In marriage, it’s common to see one spouse with a more natural knack for accounting and managing expenses. If you’re married, find out if this is true in your relationship, and allow that person to take care of the budget. Amos 3:3 asks the question, “How can two walk together unless they have agreed to do so?” At the very least, agree on a monthly spending limit, as well as an item limit (i.e., how much one spouse can spend on a single purchase without needing to consult the other). When we agree ahead of time to set goals and make a plan, we agree to the sacrifices that will need to be made to stick to that plan and achieve those goals.
This level of agreement and communication has the potential to bring to a halt practically any financial argument that can and will arise. While living eight years in a faith-based ministry together, my wife Mary and I discovered one of the most valuable principles that has stuck with us for over 39 years: we discovered that it wasn’t the amount of money that caused us to argue; it was the differences in the financial values and habits we as individuals had developed in appropriating money.
Matthew 18:19 reveals to us that if two will agree together in prayer, they will receive that for which they unite their hearts and spirits. We realized that we had the option of “fighting and arguing” (“What causes fights and quarrels among you…you want something but don’t get it…” James 4:1, 2) or “praying and agreeing” (…”You do not have, because you do not as God.” James 4:2). Believe me, praying over a need or a wish is far more unifying than arguing or trying to outwit our mate to get what we want. Together, we would ask God about something, and together, we would expect to receive an answer. What does it mean to ask God together? It means we’re praying to a Source outside of ourselves. We are admitting that we do not have all the resources or all the answers. We are dependent on Another as our provider.
Everyone Needs A Budget
Almost nobody wants one, but everyone needs a budget, to put on paper or in a computer- or web-based program exactly what is coming in and what is going out. (In our day and age, there are few excuses left, with dozens of online budget programs that even sync with mobile applications for smartphones and tablets to help keep us on track.) While a budget won’t keep anyone from spending, it will provide a picture of your income versus expenses; used correctly, a budget can help maintain discipline and show where finances have been designated ahead of time. It should reflect an entire year, rather than just one month, because everyone has both annual and semi-annual expenses. Remember to be as generous as possible with your loved ones, since “a greedy man brings trouble to his family” (Proverbs 15:27).
Something that can be extremely helpful (and that I often encourage others who come to me seeking financial advice to do) is to record all spending for several months – every penny. I did this once for an entire year and found that the “miscellaneous” category in our budget was actually much larger than designated. Why? It was all of those small purchases at mini markets, grocery stores, Target, and Wal-Mart adding up. When you create such a thorough record (as painful as it sounds), the entire unknown suddenly becomes known – nothing is hidden. You will then have a far more realistic budget for the following year.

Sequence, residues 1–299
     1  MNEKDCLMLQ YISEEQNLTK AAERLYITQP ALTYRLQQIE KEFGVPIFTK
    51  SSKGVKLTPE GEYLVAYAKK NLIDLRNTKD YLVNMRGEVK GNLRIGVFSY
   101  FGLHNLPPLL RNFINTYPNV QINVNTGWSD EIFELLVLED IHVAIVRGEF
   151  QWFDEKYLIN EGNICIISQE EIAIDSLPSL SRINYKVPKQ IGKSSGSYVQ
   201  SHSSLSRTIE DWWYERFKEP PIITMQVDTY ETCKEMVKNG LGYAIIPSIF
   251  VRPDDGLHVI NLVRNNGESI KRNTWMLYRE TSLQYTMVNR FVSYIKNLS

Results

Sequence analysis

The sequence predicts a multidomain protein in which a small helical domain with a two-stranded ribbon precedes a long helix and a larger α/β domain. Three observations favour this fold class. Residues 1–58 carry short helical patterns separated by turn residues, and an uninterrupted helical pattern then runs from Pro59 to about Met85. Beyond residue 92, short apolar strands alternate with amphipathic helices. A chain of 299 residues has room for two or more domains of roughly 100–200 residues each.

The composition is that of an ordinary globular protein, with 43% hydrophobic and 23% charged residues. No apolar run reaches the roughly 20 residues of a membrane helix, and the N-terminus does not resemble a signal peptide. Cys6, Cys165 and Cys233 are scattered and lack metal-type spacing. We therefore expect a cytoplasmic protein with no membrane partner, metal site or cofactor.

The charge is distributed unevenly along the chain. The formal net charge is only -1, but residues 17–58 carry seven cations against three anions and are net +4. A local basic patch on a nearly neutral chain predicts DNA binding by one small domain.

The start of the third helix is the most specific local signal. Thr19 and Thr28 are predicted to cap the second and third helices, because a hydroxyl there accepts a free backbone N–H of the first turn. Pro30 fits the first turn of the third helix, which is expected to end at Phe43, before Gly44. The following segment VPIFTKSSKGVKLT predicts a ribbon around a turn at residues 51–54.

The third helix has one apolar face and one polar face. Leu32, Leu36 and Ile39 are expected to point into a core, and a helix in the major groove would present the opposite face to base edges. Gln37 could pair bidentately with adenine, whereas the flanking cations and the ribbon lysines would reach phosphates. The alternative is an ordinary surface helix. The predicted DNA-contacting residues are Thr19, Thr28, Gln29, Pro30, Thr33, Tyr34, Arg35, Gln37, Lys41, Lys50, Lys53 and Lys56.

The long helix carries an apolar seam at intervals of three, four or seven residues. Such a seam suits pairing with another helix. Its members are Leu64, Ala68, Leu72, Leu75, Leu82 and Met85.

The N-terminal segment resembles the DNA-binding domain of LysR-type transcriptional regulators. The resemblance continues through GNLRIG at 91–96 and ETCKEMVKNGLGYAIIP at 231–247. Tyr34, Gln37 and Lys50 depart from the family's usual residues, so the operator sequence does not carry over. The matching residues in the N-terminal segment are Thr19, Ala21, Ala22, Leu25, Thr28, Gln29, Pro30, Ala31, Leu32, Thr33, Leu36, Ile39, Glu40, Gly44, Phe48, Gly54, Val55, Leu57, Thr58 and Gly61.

Work at making financial decisions ahead of time as much as possible. Many purchases tend to be emotional or spontaneous and not well thought out, especially with the ubiquity of credit cards. Advertisers, retailers, and salespeople all conduct business by relying on their customers’ emotional responses to drive impulse buys, but wise financial decision-making is all about discipline. Financial wisdom means discovering the order of things. Proverbs 24:27 teaches, “Finish your outdoor work and get your fields ready; after that, build your house.” You don’t just one day decide to build a house; you dream, develop a plan, and save toward that building project. Eventually, you see the foundation of your future home rising out of the dirt.
A good rule of thumb that I use, with certain purchases, is to wait one month; if after 30 days I both still need the item and have budgeted the required finances, then I make the purchase. With this principle, you can establish two purchase lists: a need list and a wish list. The need list is an agreement to purchase items as the funds become available; the wish list is an agreement to purchase items when there are extra, non-designated funds available. Before making major (even minor) purchases, ask yourself, “Do I really need this?” If your answer is yes, then ask yourself, “Why do I need this, and do I need it right now?” Just because an item is on sale does not justify its immediate purchase. (From my own experience, it’s amazing how many things one can accumulate that were purchased on sale, but are not, in fact, needed and therefore go unused.)
Avoid purchasing something simply because someone you know recently purchased a similar item. People often shop and buy in groups. Avoid the pressure of comparison spending to keep up or compete with others. By fostering an attitude of gratefulness for a coworker’s new car or a friend’s new furniture, you can actually limit the emotional desire for those things yourself. Also, remember that many brand-new purchases come with monthly payments; your coworker or friend may now be in debt because of that item.